What if you haven’t appealed yet?

If you already have an appeal pending (i.e. you are waiting for your first appeal to come to court), we cannot review your case and we will write to you to explain this.

If you have not tried appeal in the normal way through the courts, we will treat your case differently. This is because the CCRC was created to deal cases where people have used up their normal rights of appeal. We can only consider “no appeal” cases if there are special reasons why you cannot appeal to the court. These special reasons are known as “Exceptional Circumstances”. If there are special reasons why, we can look at the case even though there has been no earlier attempt to appeal but these are very rare. In most cases we will have to tell the “no appeal” applicant that we cannot consider their case.

Those applicants are told to approach the courts to start an appeal in the normal way.

Details on how we deal with cases where the applicant has not already appealed (or applied for leave to appeal) is set out in the Commission’s Formal Policy on ‘Exceptional Circumstances’.

We call an application that is not your first application for a particular offence a re-application. For us to consider a re-application it must contain something new. If all the points that you make in your reapplication have already been considered, we will write to you to explain why we cannot accept your reapplication. That decision will be final. This applies if your points have already been made in an earlier application to us, or at trial or on appeal.

The CCRC can only deal with convictions and sentences from the criminal courts of England, Wales, and Northern Ireland and from the Military Court and the Service Civilian Court.

This means that we cannot deal with immigration law, civil law and ASBOs.

Scotland has its own Commission, the SCCRC.

What support is there if my case is referred?

The Miscarriages of Justice Support Service (MJSS) is a specialist service provided by RCJ Advice.  RCJ Advice is part of Citizens’ Advice. MJSS provide free, confidential and impartial advice and support for survivors of wrongful convictions.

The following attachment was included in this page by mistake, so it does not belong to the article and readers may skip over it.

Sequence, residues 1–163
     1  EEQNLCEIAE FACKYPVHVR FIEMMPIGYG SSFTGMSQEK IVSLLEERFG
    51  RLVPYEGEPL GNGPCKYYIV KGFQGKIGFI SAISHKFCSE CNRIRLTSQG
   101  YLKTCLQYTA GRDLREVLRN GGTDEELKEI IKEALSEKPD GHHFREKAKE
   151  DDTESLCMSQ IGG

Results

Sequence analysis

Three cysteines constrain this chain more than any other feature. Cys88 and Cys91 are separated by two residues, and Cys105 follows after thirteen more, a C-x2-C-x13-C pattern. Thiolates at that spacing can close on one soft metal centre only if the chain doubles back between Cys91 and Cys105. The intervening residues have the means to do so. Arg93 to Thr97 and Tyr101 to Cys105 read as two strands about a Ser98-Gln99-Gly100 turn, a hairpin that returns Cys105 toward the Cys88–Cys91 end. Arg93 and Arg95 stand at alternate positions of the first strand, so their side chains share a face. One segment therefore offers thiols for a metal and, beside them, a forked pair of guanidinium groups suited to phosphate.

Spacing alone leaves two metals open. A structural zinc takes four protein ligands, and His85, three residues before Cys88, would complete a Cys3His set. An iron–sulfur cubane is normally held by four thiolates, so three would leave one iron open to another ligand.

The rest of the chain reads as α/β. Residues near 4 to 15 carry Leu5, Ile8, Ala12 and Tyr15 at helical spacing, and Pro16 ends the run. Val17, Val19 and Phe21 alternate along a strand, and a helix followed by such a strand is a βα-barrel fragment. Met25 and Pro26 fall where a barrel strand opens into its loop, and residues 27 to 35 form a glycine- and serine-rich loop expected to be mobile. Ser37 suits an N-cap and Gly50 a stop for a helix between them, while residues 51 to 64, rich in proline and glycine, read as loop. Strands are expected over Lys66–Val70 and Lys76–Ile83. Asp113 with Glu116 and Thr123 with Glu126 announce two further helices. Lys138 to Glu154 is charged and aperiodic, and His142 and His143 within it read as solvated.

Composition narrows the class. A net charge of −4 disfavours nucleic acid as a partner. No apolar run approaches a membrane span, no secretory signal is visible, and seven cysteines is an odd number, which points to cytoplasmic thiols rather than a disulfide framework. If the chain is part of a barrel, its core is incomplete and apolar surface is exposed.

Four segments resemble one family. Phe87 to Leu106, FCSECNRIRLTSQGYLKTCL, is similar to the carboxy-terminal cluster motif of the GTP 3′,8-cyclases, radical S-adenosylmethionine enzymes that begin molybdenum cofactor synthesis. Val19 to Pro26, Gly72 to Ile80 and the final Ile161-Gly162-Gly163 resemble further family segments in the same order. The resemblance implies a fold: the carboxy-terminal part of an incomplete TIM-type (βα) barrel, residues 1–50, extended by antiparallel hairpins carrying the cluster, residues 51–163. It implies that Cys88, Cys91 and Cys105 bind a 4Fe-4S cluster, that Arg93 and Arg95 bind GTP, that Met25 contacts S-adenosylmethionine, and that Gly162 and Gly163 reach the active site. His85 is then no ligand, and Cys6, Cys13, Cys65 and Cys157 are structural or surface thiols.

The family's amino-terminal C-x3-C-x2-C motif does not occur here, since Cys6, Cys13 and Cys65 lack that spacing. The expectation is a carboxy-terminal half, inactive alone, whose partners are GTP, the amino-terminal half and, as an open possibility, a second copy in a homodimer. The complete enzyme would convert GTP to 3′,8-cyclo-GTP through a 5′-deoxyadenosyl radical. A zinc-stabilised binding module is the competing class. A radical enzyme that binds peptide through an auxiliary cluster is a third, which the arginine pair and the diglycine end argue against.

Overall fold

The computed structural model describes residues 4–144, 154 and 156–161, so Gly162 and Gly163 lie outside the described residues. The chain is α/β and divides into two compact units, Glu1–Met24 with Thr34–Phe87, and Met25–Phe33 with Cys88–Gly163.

They can provide advice and support in a number of areas including:

  • finding somewhere to live
  • establishing income / training
  • applying for National Insurance credits
  • registering with a GP and getting healthcare and counselling
  • opening a bank account and budgeting
  • support for family relationship issues
  • finding a solicitor to help with compensation claims

They can also help with things like writing letters, filling in forms, making and attending appointments.

Contact the MJSS by emailing: MJSS@rcjadvice.org.uk

Or by writing to:

RCJ Advice
The Royal Courts of Justice
Strand
London
WC2A 2L

Find answers to our most common queries about the application process and how we keep in touch.

Your questions answered

What we do to investigate your case

The CCRC was created specially to review cases where someone says they have been the victim of a miscarriage of justice. We have special legal powers under section 17 of the Criminal Appeal Act 1995 which mean we can get any information that we need from any public body in England, Wales and Northern Ireland. This means that we can get sensitive information from organisations like social services, the armed forces and intelligence agencies. We can obtain material that the police and the prosecution did not have to disclose to the defence (including Public Interest Immunity or PII material) and information from the Criminal Injuries Compensation Authority and others. 

We will use our special legal powers to get the information we think we need to review a case. We may use any information to review a case. We will always be very careful about releasing sensitive information to anyone outside the CCRC.

Do some cases get priority?